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If 2016 hadn't been as awful as it was, with the collecting of artistic souls, terror attacks and political shocks all bumping into each other like dominoes, I'm not sure we would have taken the time to shout, ?Woah! What the Hell is going on here?!?

And now we know.

And, no, it's not good. And, yes, it's up to us to change it.

But know this; darkness gives way to light eventually. There are villains, but there are heroes too. Always.

The writer, Elizabeth Gilbert, wrote this on her Facebook page today, and it crystallised what was forming in my mind, sit a minute and muse on this?

?Darkness and evil ALWAYS have an interesting side-effect.

Darkness and evil ALWAYS give opportunities for heroes to rise.

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Which brings us to the question of Harry Potter - who I have also been thinking about a lot over the past few weeks. Please remember this simple example: Without Voldemort, Harry Potter is a very ordinary boy. Without the terrifying challenges of darkness and evil, Harry never would've had the opportunity to find his own power, his own strength, his own leadership, and his own magic.

This is just as true for your life as it was for Harry's. Without the presence of darkness and evil in your life, you will never be challenged to know your own goodness and courage.

And if you want to look at this question from outside the realm of children's literature (fair enough!), here are some examples from real and painful human history:

Without the darkness and evil of segregation, Rosa Parks is a completely unremarkable seamstress.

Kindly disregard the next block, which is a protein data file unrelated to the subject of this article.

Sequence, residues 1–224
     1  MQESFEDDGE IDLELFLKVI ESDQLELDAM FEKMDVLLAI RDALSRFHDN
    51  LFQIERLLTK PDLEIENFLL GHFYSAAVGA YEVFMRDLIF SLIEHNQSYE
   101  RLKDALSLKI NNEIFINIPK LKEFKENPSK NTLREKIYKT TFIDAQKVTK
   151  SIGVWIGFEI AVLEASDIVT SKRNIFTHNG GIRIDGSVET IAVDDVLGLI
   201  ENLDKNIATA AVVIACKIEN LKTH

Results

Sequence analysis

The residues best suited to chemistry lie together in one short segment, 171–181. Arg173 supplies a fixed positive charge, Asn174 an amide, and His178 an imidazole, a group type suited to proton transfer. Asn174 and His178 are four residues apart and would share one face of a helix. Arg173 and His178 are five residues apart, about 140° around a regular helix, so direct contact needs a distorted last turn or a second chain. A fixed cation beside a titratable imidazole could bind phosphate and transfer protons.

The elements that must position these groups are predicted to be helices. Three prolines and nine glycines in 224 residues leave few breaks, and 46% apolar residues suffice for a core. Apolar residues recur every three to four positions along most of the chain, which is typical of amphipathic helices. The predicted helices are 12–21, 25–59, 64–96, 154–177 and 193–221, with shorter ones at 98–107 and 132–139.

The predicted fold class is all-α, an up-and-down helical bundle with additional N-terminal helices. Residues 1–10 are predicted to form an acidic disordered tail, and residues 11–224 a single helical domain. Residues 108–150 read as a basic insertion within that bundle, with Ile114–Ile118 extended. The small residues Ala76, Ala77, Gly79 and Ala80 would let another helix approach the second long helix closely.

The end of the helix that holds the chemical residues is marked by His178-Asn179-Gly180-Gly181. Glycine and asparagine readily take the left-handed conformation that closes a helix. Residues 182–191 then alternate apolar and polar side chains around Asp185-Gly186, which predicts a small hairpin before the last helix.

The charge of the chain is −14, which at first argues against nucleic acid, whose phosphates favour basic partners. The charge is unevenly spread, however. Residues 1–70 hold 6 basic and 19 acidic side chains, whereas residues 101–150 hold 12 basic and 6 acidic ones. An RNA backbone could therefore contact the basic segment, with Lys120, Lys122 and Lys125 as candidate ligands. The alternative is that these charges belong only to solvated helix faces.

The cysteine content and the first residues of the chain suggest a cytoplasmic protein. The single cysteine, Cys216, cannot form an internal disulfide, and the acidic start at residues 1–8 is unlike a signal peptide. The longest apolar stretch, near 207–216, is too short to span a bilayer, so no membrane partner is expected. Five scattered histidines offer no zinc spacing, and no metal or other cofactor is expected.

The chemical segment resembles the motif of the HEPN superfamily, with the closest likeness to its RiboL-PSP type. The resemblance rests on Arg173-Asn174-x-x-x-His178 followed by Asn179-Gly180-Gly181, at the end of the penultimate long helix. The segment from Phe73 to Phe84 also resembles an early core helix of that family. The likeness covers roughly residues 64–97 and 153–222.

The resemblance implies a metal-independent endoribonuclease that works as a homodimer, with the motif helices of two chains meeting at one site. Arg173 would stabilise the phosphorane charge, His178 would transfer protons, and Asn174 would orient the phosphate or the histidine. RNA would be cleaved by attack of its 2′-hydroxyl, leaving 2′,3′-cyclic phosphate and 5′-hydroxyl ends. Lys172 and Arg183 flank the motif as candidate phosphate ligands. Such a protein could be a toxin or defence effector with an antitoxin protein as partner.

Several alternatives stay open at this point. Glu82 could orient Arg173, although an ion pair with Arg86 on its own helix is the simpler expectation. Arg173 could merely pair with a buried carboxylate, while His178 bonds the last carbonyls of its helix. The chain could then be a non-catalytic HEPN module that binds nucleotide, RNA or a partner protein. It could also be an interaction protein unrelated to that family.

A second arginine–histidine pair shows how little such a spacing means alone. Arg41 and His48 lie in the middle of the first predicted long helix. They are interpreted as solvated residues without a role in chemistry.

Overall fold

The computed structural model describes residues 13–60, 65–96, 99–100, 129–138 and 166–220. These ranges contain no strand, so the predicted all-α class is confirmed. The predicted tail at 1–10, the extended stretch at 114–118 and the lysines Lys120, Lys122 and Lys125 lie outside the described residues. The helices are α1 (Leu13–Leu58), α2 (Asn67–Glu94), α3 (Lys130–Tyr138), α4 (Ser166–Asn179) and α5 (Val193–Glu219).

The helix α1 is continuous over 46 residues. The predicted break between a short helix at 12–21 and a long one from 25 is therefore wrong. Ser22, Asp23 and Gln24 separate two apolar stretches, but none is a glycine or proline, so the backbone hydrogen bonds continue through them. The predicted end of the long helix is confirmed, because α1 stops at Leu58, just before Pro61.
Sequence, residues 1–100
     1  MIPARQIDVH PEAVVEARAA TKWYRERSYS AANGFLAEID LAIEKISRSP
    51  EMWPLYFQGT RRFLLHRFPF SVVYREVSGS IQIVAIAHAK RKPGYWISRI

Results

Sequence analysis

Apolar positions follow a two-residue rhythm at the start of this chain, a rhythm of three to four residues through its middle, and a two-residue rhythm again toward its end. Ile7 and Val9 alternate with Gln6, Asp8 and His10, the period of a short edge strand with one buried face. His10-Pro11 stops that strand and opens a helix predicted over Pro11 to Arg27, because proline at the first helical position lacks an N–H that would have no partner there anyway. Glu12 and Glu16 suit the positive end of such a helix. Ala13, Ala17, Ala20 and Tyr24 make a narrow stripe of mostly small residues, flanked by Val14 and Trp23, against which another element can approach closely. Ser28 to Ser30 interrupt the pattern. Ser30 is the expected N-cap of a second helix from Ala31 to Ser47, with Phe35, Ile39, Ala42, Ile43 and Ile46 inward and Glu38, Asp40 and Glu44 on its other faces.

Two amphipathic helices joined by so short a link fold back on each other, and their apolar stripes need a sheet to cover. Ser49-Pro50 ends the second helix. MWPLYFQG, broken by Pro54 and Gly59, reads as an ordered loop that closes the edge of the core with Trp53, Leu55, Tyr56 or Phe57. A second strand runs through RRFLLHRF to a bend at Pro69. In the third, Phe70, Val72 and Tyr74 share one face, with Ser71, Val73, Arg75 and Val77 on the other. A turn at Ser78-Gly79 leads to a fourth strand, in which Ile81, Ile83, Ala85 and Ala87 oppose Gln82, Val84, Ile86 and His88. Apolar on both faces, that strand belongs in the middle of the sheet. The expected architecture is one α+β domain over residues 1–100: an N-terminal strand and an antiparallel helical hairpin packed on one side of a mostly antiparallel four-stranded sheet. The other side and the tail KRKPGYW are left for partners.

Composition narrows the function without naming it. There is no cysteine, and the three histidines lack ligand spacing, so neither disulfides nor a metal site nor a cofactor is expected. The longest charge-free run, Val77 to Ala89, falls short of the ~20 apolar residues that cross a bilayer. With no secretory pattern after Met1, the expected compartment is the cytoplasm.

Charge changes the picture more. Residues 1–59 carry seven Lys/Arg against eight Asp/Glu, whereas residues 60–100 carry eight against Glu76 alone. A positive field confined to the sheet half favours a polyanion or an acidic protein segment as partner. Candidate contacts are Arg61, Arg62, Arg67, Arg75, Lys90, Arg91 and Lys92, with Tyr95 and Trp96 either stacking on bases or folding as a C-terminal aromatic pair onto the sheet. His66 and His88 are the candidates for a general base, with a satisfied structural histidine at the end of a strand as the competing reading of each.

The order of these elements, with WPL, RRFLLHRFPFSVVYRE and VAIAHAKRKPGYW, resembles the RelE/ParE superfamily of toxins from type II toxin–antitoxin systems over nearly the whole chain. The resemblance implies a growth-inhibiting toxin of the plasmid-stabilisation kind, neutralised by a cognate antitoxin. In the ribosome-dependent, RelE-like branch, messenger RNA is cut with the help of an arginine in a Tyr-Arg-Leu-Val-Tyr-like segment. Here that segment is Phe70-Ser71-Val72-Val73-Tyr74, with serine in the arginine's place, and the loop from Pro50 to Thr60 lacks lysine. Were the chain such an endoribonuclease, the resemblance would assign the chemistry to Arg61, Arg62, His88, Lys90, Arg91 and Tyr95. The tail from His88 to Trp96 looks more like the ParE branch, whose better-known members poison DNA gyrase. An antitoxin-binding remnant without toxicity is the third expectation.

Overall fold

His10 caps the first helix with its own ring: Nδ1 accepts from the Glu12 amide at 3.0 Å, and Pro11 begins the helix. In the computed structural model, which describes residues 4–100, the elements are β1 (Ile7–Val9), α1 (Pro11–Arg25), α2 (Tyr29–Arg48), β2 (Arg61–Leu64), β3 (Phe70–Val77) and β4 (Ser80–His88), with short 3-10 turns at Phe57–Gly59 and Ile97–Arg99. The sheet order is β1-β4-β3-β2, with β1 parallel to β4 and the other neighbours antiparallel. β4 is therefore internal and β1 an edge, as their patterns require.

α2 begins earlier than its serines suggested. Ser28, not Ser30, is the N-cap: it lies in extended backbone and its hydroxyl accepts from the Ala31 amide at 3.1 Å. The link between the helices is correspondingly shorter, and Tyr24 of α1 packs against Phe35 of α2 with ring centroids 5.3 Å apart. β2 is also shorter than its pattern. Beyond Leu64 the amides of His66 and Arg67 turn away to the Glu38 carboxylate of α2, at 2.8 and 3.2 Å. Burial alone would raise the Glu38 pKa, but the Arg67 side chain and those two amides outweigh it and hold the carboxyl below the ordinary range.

Without the darkness and evil of institutionalized American racism, Dr. Martin Luther King, Jr. is just a regular Baptist preacher.

Without the darkness and evil of British Colonialism, Gandhi is just another unsuccessful local barrister.

Without the darkness and evil of the Soviet Bloc, Vaclav Havel is just another random playwright.

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Without the darkness and evil of apartheid, Nelson Mandela is just another law student, working as a night watchman to pay his bills.

Without the darkness and evil of militaristic oppression in Burma, Aung San Suu Kyi is just another well-educated wife and mother from a nice family.

You see where I'm going with this?

Darkness will always rise - to be sure.

But a hero of the light will ALSO always rise.?

?So, our challenge is to stay hopeful and make way?

While Trump is in power, he will do many questionable and downright despicable things - for this is the man he is. He isn't going to change - power is his greatest drug and the addict has a full supply.

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My advice to you is this: as unbearable as it is, keep watch. Keep tabs. Keep watch on a global and local level. Stand up for what you believe in. Talk to others about it. Talk to your children about standards, about wisdom, about grace and decency. Get together and get going.

And keep watch on the Obamas - they are only going to get better. The trick, I think, is to avert your gaze a little from Trump, to them - keep them in your sight - their message will not dilute, in fact it will probably have more power to propel as citizens. Sign up to Obama.org for updates. They are not gone; it may feel like the end, but it is, in fact, the beginning...

I know I'm not American, but I'm in nonetheless... #obamafoundation

A photo posted by Ellie Balfe (@elliebalfe1) on